Home Mortgage Not Reaffirmed During Chapter 7 Bankruptcy?

When you file for a Chapter 7 bankruptcy, you'll begin a process through which the bulk of your tangible assets will be liquidated and distributed among your creditors. While your unsecured creditors will have to fight over your financial leftovers, your mortgage lender is guaranteed a sizable prize: your home.

Unless your state offers a particularly generous property exemption for real estate holdings, you may be required to include your house in your bankruptcy filing. This may be true despite your demonstrated ability to cover the cost of your mortgage. As such, your mortgage lender will initiate foreclosure proceedings on your home at some point during the bankruptcy process. Depending upon the state of the housing market where you live, this may take months or even years. In areas with high delinquency rates and understaffed housing authorities, the backlog of pending foreclosures continues to grow faster than local sheriffs can hold property auctions.

Although you may arrest the discharge of your mortgage by "reaffirming" your debt, this requires you to agree to repay its outstanding balance according to the contract's original terms. Given your precarious financial situation, this is an expensive commitment that may not be in your best interest.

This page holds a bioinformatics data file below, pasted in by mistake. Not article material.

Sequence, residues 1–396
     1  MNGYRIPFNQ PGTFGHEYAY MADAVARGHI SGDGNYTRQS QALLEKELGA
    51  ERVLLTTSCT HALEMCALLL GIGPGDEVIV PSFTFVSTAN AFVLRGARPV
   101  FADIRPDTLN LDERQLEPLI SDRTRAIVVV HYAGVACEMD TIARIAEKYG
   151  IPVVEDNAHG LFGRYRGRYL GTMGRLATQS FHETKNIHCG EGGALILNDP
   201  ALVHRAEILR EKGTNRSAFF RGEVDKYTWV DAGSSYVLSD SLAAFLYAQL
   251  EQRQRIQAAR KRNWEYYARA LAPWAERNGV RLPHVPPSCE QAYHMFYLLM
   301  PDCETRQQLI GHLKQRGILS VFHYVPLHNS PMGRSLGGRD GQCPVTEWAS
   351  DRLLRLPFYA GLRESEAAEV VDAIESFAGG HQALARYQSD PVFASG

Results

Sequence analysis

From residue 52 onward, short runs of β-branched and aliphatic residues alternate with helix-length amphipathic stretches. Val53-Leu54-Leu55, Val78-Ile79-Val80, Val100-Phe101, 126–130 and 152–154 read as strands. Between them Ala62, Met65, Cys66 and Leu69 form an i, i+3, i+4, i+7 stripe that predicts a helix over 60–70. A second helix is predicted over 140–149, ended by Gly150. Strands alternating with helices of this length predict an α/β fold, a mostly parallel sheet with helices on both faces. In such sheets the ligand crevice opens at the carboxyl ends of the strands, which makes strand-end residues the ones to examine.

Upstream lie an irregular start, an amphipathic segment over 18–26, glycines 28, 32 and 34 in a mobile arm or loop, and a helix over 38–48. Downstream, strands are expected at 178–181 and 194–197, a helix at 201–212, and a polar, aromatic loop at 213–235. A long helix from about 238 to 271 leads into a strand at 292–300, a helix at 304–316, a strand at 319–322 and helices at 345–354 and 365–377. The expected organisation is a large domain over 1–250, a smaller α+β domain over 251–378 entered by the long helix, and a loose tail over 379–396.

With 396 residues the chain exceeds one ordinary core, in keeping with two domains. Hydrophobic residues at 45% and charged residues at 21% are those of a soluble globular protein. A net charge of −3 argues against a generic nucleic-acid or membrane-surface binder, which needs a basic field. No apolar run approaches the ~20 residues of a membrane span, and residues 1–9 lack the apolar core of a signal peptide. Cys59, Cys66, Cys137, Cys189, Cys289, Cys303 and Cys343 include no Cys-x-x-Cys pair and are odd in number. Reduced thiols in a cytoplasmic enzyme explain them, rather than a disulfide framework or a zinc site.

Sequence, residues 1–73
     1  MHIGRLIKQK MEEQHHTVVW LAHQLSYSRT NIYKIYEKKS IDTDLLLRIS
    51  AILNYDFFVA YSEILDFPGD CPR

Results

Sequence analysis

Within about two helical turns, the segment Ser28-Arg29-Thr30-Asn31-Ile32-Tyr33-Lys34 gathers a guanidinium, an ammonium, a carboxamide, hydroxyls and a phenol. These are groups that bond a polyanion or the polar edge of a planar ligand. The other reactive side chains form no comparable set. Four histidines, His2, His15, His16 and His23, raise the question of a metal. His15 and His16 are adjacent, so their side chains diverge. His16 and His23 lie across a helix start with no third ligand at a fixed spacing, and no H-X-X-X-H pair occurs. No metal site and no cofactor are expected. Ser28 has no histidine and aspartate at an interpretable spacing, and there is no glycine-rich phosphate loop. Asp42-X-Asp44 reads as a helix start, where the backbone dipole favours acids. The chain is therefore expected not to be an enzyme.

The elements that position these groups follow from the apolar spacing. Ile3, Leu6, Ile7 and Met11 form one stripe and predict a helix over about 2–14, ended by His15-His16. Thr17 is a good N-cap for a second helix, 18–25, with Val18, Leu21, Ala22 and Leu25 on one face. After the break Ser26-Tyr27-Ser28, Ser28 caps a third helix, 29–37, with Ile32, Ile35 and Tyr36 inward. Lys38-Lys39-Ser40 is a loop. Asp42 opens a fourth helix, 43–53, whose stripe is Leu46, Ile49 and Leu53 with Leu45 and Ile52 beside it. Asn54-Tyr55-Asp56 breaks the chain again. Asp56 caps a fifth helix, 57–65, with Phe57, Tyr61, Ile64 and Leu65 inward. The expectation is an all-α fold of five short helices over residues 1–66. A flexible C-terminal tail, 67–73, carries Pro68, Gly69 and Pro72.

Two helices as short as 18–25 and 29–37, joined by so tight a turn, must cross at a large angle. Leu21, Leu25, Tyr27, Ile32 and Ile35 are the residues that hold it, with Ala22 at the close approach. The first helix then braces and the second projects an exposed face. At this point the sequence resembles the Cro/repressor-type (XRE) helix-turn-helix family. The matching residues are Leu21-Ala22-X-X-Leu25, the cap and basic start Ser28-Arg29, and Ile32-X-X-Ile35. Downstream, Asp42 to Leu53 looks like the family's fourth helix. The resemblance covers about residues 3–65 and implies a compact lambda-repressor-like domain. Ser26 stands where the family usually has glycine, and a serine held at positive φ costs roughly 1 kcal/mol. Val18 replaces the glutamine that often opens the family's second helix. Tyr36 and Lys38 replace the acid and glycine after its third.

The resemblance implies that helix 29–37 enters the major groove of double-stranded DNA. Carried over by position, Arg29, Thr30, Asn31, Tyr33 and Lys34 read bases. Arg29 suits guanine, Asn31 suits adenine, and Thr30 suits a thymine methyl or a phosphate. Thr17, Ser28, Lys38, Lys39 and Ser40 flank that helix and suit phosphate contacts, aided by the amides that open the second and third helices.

However, you may be able to avoid foreclosure and eventual eviction without legally reaffirming your mortgage. You'll have to wield the overwhelming backlog of pending foreclosures as a weapon, continuing to make your payments on time as your lender waits to seize your home.

If you can consistently cover the cost of your mortgage over a period of many months, your lender may choose to terminate the foreclosure proceedings and permit you to stay in your home without technically reaffirming your mortgage. In some cases, you may even be able to refinance your mortgage, spreading its costs further into the future and lowering your effective interest rates.

This is because most mortgage lenders seek the clarity associated with a binding mortgage agreement. While they'll gladly take your money as long as you're willing to offer it, they may worry that you'll suddenly cease making extra-legal payments on your discharged mortgage and walk away from your home. If you do, they'll be forced to scramble to seize your home and may take a sizable loss on its sale. In the absence of a refinancing agreement, be sure to strengthen your continued claim to your home by keeping all associated tax and insurance payments current.

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